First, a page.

Director, ARDS Alliance
March 16, 2021, was the beginning of a long journey into a new way of life for me; It’s the day I tested positive for COVID-19, just four days before I was scheduled for my first dose of the vaccine. I progressively got worse and struggled to breath. After four emergency room visits between two hospitals, I was admitted to Geisinger in Danville, PA on March 24, 2021, with the diagnosis of Pneumonia due to COVID-19 virus and Acute respiratory failure with Hypoxia. Despite the different methods and treatments, my condition worsened.
On April 2, 2021, Good Friday, the doctors suggested and asked for me to voluntarily be placed on a ventilator in hopes to give my lungs a chance to rest and heal. Unfortunately, my condition worsened and progressed to the diagnosis of ARDS, Acute respiratory distress syndrome.
That following Monday, I had to be placed on ECMO to let my lungs rest. Very soon after, the doctors spoke with my wife and suggested a Bilateral lung transplant would be necessary to save my life. On May 6, 2021, I was life-flighted from Geisinger in Danville, PA to the Hospital of the University of Pennsylvania, HUP where I was placed on the transplant list as of May 15, 2021. My condition worsened and various complications occurred to include Acute Delirium due to multiple etiologies, severe protein/calorie malnutrition, physical deconditioning, Bacterial Pneumonia, and Pneumothoraxes in both lungs.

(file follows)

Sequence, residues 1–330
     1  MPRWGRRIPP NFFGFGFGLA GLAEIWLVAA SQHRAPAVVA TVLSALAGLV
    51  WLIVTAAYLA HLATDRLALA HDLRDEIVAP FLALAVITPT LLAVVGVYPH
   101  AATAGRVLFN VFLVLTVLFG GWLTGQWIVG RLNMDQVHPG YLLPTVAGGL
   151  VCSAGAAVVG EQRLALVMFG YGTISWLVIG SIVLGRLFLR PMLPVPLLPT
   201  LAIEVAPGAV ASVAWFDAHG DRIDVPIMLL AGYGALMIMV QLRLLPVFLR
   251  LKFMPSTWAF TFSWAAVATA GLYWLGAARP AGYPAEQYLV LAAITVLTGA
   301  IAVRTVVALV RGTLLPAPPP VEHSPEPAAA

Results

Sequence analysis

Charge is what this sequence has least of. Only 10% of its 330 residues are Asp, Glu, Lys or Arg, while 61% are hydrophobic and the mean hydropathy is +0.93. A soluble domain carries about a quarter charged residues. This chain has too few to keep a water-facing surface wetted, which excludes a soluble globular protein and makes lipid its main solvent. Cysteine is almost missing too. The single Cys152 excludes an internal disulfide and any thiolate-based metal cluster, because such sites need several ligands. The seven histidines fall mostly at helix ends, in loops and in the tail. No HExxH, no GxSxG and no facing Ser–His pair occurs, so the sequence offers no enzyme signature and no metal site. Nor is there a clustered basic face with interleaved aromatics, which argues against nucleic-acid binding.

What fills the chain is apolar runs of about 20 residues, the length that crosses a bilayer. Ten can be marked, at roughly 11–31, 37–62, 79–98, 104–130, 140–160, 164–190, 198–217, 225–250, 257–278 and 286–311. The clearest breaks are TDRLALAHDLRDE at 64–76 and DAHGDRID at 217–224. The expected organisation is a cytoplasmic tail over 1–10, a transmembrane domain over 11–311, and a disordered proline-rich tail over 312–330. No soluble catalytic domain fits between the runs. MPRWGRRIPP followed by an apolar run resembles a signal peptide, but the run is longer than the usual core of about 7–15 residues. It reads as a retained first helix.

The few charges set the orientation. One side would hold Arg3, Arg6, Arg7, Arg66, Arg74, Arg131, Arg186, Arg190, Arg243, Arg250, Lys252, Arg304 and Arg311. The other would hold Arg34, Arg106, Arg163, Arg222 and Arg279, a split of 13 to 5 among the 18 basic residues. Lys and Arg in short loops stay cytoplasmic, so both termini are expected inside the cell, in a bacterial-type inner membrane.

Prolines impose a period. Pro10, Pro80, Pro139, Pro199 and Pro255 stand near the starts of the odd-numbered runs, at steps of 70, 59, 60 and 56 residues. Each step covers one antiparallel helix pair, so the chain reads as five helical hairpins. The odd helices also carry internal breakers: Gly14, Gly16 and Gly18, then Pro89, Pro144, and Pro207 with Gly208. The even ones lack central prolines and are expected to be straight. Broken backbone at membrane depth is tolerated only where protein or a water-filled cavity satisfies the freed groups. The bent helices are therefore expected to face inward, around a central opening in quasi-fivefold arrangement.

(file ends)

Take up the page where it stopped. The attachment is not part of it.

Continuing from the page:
I had to be placed on mechanically assisted ventilation. There was nothing left they could do. I was dying. It was a matter of viable lungs becoming available as fast as possible. Fortunately, I held on and received my Gift of Life from my donor. I had a Bilateral lung transplant on May 28, 2021.
I was hospitalized from March 24, 2021, to July 22, 2021; a total of 120 days. I was on ECMO for 54 days, a ventilator for 70 days, and 30 days at an inpatient physical rehabilitation hospital due to the physical deconditioning I experienced. Despite being discharged, I had to stay within a specified range so that I could be close to the hospital in case of a medical emergency and officially returned home on September 2, 2021.
To this day, I am still recovering physically, emotionally, and spiritually. My family and I have been picking up the pieces as we try to figure out and understand this new life. My wife and I have become involved with both hospitals I stayed at. We attempt to be a resource for other families having similar experiences as ours in hopes to give them guidance, answer questions they may have, and simply listen. I have found purpose in helping others and bringing awareness to such afflictions as ARDS with the hope that together, we can bring comfort and relief to other families until ARDS is longer a concern.